I'm not terribly picky, but I often tend to use drawing paper for my illustrations. With drawing paper, the colors come out nice and strong, giving exactly the impression I'm trying to achieve. Along that vein, gradations come out nicer on watercolor paper. But the colors have a tendency to bleed into each other, so watercolor paper isn't ideal when I'm trying to draw something particularly detailed. For the illustration I submitted to this contest, I used Copic-brand Premium Bond Paper. Even light colors show up nicely on this paper, so I think it's perfect for illustrations with a muted color scheme as well. Choosing what kind of paper to use can be quite difficult. I try to make a point to test out all kinds of paper to learn what kinds of illustrations they are and aren't suitable for.
── Come to think of it, there a few illustrations among your past works that used especially crisp colors. Were those also done on drawing paper?
── I was surprised to see that there wasn't even the slightest unevenness in your color application.
That was just me coloring very quickly, before the ink had a chance to dry. (laughs) When that doesn't work, I use a colored pencil to correct the unevenness. I usually try to fix any mistakes I make with a colored pencil. If I try to forcibly fix mistakes using only Copics, the colors tend to separate (due to differences in the size of the pigment grains, the colors can look glaringly different), and the mistake ends up looking even worse after…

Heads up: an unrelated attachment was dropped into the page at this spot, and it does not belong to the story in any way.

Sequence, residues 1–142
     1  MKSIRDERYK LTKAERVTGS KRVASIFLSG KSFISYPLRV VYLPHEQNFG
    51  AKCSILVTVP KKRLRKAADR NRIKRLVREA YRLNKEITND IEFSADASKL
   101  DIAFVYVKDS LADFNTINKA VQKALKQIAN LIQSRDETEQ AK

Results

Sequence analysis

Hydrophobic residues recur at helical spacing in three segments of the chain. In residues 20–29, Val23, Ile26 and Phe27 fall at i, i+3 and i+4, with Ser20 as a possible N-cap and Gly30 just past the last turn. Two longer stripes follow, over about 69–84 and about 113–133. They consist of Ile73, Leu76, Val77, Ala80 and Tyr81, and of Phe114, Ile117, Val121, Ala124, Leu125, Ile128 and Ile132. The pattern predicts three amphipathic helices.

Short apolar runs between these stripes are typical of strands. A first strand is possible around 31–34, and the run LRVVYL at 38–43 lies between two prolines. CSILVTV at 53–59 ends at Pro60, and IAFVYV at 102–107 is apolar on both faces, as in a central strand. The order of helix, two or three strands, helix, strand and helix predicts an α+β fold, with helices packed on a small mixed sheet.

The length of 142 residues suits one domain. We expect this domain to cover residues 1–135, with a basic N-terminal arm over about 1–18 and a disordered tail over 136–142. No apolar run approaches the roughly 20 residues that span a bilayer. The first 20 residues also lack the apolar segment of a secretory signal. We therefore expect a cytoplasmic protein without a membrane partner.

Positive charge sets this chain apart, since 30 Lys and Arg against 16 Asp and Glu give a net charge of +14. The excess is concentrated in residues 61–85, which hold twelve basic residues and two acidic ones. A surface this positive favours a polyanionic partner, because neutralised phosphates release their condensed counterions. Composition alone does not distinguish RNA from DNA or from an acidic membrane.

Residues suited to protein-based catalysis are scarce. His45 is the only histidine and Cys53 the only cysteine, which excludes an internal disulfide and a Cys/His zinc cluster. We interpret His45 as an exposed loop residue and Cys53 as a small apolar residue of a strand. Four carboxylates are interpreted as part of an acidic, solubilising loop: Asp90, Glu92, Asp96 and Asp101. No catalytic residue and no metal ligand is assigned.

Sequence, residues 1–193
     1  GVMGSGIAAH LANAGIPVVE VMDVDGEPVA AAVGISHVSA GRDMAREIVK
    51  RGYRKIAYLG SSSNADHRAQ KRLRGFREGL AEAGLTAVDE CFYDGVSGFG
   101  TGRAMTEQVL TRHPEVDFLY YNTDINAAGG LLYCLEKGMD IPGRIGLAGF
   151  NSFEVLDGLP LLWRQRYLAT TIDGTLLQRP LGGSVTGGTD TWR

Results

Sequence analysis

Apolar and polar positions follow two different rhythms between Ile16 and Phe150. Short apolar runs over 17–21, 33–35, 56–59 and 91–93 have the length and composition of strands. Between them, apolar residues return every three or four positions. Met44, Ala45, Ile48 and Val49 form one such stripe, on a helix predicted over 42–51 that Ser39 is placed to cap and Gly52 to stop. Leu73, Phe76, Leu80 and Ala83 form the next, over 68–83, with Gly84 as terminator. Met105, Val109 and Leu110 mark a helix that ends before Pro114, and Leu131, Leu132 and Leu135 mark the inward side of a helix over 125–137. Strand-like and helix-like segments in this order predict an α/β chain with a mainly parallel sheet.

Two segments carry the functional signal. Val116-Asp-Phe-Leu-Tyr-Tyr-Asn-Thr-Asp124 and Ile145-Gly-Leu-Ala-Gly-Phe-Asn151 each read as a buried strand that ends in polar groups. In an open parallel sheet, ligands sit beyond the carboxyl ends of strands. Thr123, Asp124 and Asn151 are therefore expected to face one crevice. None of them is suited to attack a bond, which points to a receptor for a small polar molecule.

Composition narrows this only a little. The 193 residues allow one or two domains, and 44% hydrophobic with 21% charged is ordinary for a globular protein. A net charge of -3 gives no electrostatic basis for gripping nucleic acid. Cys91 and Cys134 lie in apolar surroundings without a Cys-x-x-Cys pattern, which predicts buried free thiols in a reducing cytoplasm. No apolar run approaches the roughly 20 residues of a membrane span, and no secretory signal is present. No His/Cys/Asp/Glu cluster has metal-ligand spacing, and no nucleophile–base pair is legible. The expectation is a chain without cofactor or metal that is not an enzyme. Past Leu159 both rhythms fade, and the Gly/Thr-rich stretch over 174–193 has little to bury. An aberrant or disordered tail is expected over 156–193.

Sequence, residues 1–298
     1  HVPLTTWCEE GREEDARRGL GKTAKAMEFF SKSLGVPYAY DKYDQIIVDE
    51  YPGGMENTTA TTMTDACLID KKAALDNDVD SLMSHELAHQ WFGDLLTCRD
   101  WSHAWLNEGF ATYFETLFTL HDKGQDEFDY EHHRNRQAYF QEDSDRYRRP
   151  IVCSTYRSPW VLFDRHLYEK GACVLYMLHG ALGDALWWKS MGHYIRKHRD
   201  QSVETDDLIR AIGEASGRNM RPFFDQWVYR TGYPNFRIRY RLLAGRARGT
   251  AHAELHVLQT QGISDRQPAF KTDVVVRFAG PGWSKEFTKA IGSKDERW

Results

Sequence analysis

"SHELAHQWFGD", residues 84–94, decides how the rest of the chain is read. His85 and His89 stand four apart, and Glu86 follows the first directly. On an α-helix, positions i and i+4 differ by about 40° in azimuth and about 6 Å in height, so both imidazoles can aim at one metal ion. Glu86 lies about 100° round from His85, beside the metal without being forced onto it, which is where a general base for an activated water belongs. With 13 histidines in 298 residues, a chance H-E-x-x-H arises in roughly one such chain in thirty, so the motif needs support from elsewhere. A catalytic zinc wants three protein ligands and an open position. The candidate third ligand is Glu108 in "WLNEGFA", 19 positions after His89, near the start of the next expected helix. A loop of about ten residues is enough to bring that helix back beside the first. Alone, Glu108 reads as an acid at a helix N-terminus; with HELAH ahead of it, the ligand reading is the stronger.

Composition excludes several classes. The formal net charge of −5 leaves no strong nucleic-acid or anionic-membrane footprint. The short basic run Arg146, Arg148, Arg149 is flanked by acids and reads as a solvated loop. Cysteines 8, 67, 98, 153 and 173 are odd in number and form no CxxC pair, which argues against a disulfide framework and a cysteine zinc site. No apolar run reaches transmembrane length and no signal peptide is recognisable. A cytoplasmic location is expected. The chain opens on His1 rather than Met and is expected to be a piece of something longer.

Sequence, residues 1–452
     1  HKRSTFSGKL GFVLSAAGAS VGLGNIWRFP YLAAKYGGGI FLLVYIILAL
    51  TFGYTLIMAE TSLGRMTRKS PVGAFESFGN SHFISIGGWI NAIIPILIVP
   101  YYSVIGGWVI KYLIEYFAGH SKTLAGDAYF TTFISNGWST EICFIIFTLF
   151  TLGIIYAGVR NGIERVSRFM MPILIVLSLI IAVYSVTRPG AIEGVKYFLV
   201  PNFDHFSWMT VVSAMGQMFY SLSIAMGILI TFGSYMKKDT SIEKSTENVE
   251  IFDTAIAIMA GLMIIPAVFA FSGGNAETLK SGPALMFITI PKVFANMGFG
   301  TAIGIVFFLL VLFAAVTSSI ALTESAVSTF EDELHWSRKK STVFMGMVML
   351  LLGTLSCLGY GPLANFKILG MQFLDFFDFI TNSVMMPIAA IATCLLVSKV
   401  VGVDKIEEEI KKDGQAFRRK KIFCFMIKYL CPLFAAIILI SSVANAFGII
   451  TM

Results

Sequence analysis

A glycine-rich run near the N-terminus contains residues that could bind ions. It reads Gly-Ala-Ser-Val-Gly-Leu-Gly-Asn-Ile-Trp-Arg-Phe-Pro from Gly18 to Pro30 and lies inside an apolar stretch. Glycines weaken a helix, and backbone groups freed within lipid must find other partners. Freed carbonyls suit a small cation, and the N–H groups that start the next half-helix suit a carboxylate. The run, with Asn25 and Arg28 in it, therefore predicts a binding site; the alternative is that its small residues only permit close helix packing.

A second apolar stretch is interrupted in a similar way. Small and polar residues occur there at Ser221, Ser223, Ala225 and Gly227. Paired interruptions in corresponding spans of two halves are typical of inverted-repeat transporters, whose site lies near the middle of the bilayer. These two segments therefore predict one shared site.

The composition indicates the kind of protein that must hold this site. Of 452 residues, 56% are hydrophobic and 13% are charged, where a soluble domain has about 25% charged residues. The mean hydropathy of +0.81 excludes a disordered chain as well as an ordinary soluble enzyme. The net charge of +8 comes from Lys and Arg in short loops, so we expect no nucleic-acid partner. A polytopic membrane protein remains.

── It's quite difficult to correct mistakes made while coloring by hand, so this is a very useful tip! In the winning illustration, did you also go back after and use a colored pencil to add the rosy flush to the character's cheeks?
── Do you use any art supplies outside of the Copic brand?
When you decide "color areas", it creates a sense of congruity for the entire piece
── The color scheme is always a single attempt, isn't it? To what degree do you plan it out beforehand?
For "Copic Award", they had something called key colors, but I always select about 3 main colors to be the theme for that piece for my other works. For example, if you color the character's skirt red, your first instinct will probably be to use a darker red for the shading on the skirt. But if you've already used blue in another area and done the shading there in darker blue, it will look random and incongruous when you look at the piece overall. In this situation, I'd do the shading in both areas with a reddish purple or bluish purple, which would instantly draw the entire piece together. By deciding your key colors from the very beginning, you'll be able to see which colors you should use for the finer details. If you decide your key colors ahead of time, I think you’ll instantly see an improvement in the finished product, even for those who are inexperienced with using Copics.
── Is there a technique for creating a sense of congruity even when using a variety of colors?
── What do you mean by "color areas"?